A young woman kneels beside an older woman who sits in a wheelchair. They are smiling at each other.
Home care may be right for you or your loved one if living at home is safe and the most desirable option for getting senior care services.

There may come a time when an older adult begins to find household chores or personal tasks challenging, but they are not ready to move to a senior living community to get the help they need. AARP’s 2021 Home and Community Preferences Survey polled almost 3,000 adults ages 18 and over, and results showed that about 75% of respondents age 65 and over said they want to remain in their homes or communities for as long as possible.

When an older adult wants to remain living at home but needs help with certain tasks to be safe and comfortable, getting in-home care may be a suitable option to help meet their needs. Home care services vary, provide help with different types of tasks, and can be costly. Therefore, it’s important to learn about this type of senior care to make the best decision for yourself or your loved one. Here, we define the types of home care and what the services entail.

What is home care?

Home care brings services to older adults so they can continue to live at home, rather than move to a senior community, such as an assisted living facility or nursing home, right away. There are multiple types of care that can meet a person’s varying levels of need. For example, a person may need assistance with activities of daily living, like bathing, doing laundry, or managing their medication. Home care providers can help with tasks like these so an older adult can remain living at home longer comfortably and safely.

What does a home care provider do?

Home care providers can help with a wide range of tasks. The types of home care may have different names but are generally divided into three categories: homemaker services, personal care, and skilled care.

The types of home care are defined in part by whether the care helps people with fundamental daily living, other tasks that are not basic to everyday living but that increase one’s quality of life, or medical tasks. 

The types of home care are also defined by who can provide the services. A non-medical caregiver can perform certain types of home care services tasks, and medically trained people are required to perform others. Many insurance providers define which services they cover based on these factors.

Homemaker services

Homemaker services help people with instrumental activities of daily living (IADL). IADL tasks are not fundamental to everyday living, but they may increase a person’s comfort or quality of life. Homemaker services do not typically require a medically-trained person and include the following types of tasks:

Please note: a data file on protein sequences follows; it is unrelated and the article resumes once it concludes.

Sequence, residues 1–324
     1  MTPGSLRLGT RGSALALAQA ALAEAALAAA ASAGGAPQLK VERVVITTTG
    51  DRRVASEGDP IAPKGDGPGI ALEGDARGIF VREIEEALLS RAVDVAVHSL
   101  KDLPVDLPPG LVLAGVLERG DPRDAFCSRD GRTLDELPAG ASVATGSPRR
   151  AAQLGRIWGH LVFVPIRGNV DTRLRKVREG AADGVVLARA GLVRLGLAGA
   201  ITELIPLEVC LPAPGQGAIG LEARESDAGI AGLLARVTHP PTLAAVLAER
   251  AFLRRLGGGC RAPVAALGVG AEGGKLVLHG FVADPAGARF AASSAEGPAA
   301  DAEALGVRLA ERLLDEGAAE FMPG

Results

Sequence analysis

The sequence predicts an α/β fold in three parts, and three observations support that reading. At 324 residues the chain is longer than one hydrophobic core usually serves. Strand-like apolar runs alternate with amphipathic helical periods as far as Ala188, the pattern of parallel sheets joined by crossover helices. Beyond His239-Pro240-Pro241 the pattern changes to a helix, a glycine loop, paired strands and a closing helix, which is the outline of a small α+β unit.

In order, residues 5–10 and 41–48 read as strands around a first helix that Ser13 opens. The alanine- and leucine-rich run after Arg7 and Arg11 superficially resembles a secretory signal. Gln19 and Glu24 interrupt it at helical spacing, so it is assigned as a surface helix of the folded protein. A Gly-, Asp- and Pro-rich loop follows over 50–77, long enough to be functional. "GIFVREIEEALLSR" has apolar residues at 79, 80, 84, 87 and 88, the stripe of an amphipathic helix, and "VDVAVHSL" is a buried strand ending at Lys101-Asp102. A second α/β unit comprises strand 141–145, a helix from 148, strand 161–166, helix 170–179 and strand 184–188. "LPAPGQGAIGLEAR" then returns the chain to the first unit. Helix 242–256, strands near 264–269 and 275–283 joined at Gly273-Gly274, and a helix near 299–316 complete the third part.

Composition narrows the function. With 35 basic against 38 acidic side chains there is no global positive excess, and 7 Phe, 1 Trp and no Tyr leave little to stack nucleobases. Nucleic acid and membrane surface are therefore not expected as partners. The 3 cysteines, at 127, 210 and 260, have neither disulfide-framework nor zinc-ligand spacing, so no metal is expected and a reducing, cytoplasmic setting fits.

• Laundry.
  • Light housekeeping.
  • Meal preparation.
  • Shopping.
  • Medication management (not including administering the medication).
  • Transportation.

Personal care services

Personal care services help people with activities of daily living (ADL). ADL are basic tasks that are fundamental to everyday life. Personal care services may not require a medically-trained person and include the following types of tasks: 

  • Bathing.
  • Grooming.
  • Toileting.
  • Dressing.
  • Eating.
  • Transferring (E.g., moving from bed to chair).
  • Self-ambulation (I.e., moving around without assistance, or with assistance using a device, like using a walker).

Home care agencies, Medicare, Medicaid, or other insurance providers may also refer to personal care as “custodial care.”

Skilled care

Skilled care services help people with medical-health tasks. These types of tasks must be performed by a medically trained person. Some of these tasks include:

  • Administering medication (as opposed to only managing medications).
  • Therapy (occupational, physical, speech, and others).
  • Tracking vital signs.

Home care agencies, Medicare, Medicaid, or other insurance providers may also refer to skilled care as “skilled nursing care.” 

It is important to note that a person may need more than one type of care. For example, a person who requires skilled care because they need help with taking medication for a condition that decreases their mobility may also need homemaker services to help with laundry.

What is the difference between homemaker services and personal care?

The main difference between homemaker services and personal care is that personal care helps a person with basic activities of daily living, like bathing. Homemaker services, on the other hand, help with tasks that increase a person’s quality of life, like cleaning. 

How do I know which type of home care I need?

You or your loved one may consider home care but don’t know the type that is most suitable for you. Talk about the answers to these questions with your family or loved one to begin considering if home care may be suitable:

  • What help is needed at home to be safe and happy?
  • What equipment is needed to continue living at home?
  • How often is care needed?
  • Does a doctor suggest having home care services?

When you or your loved one determines that this type of care is needed, there are many ways to pay for home care. Personal funds, insurance policies, loans, and even extra benefits can help pay for home care services to help older adults continue living at home while getting the help they need.